The newest and most exclusive residential tower for this city’s super-rich is a cantilevered sheath of steel and glass soaring 27 floors into the sky. The parking garage fills 6 levels. 3 helipads are on the roof. There are terraces upon terraces, airborne swimming pools and hanging gardens in a Blade Runner-meets-Babylon edifice overlooking India’s most dynamic city.
There are nine elevators, a spa, a 50-seat theater and a grand ballroom. Hundreds of servants and staff are expected to work inside. And now, finally, after several years of planning and construction, the residents are about to move in.
All five of them.
The tower, known as Antilia, is the new home of India’s richest person, Mukesh Ambani, whose $27 billion fortune also ranks him among the richest people in the world. And even here in the country’s financial capital, where residents bear daily witness to the stark extremes of Indian wealth and poverty, Mr. Ambani’s building is so spectacularly over the top that the city’s already elastic boundaries of excess and disparity are being stretched to new dimensions.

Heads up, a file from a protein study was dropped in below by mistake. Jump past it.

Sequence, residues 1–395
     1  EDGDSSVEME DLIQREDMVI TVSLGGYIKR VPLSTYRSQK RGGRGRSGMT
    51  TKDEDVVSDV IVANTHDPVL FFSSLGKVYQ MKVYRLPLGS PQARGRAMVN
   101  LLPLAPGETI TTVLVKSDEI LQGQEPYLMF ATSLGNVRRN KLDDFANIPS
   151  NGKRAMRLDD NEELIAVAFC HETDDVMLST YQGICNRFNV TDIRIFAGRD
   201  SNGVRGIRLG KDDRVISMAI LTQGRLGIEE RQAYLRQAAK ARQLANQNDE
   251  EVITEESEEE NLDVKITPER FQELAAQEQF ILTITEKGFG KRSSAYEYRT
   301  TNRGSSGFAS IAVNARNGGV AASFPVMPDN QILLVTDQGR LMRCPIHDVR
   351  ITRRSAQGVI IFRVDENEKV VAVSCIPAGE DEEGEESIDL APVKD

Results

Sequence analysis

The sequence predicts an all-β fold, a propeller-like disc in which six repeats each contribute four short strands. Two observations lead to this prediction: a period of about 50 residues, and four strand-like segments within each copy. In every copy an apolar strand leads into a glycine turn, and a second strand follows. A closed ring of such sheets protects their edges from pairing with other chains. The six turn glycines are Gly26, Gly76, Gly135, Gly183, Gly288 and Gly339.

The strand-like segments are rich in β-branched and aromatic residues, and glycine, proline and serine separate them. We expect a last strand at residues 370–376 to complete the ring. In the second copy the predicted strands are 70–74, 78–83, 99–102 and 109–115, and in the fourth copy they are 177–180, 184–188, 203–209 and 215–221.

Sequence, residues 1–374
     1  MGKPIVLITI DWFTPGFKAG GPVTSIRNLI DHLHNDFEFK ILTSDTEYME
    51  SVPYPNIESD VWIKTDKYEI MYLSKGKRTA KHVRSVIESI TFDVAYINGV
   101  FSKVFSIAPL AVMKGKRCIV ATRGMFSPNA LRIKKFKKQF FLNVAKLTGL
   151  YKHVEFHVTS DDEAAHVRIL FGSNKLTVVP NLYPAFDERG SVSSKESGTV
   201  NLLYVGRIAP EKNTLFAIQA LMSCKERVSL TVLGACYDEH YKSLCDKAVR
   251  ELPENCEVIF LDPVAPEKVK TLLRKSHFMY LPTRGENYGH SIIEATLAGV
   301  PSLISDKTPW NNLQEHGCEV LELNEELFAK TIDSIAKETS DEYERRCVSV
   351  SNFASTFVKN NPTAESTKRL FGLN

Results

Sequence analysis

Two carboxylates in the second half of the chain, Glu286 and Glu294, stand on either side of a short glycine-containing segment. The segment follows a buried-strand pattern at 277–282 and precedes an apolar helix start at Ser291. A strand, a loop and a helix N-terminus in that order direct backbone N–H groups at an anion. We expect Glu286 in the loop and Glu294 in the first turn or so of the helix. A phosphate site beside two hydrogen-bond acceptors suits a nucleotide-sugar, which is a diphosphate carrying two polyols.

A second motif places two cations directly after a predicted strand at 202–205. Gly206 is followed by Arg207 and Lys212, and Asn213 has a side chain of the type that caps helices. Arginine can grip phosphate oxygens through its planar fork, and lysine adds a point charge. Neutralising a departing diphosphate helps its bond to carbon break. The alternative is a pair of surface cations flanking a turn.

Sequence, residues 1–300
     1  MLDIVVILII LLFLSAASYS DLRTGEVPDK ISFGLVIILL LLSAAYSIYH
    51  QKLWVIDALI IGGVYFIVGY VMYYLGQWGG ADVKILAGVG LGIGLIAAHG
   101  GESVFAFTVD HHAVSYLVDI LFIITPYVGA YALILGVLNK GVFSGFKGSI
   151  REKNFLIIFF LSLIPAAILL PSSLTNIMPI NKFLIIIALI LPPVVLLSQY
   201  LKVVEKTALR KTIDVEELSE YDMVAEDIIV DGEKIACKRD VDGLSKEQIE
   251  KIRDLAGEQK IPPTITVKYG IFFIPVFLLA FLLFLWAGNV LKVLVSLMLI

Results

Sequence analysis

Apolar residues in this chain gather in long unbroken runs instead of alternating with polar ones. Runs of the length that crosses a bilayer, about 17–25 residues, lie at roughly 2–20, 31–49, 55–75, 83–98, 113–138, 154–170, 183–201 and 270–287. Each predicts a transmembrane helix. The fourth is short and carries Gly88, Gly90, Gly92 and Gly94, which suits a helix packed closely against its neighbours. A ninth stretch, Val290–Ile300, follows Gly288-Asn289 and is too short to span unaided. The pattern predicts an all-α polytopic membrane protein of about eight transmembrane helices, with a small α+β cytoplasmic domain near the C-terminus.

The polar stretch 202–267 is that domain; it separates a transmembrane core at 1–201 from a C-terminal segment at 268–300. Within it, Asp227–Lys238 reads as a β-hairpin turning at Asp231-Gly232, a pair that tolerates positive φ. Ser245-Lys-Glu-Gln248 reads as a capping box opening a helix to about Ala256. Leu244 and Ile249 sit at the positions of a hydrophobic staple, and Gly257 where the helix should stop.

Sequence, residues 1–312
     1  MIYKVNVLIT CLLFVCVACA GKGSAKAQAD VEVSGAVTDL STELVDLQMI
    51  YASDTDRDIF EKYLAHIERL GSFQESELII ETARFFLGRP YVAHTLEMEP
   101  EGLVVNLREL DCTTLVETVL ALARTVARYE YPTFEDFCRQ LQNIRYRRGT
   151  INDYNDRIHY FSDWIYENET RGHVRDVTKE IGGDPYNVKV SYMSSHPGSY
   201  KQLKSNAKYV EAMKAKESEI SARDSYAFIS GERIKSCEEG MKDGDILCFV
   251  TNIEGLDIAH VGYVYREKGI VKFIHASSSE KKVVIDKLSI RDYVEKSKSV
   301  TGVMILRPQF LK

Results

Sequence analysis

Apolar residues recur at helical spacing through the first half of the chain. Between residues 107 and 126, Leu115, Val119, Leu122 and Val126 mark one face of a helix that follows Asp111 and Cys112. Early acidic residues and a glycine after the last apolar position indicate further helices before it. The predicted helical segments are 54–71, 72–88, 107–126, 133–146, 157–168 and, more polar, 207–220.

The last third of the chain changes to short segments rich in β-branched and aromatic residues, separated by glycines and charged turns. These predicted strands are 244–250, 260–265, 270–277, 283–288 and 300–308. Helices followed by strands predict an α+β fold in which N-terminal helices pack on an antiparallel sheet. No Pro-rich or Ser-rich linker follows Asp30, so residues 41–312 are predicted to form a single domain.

Mr. Ambani, his wife, Nita, and their three children are expected move into the building after a housewarming party with 200 guests scheduled for Nov. 28. For his part, Mr. Ambani has refused to comment about the project and required his designers, decorators and other contractors to sign confidentiality agreements, as if a cone of silence could be erected around a skyscraper rising near the edge of the Arabian Sea.
Predictably, and perhaps by design, the opposite has happened. Details have spilled out — many of them confirmed or disputed anonymously. Read the full article at The New York Times …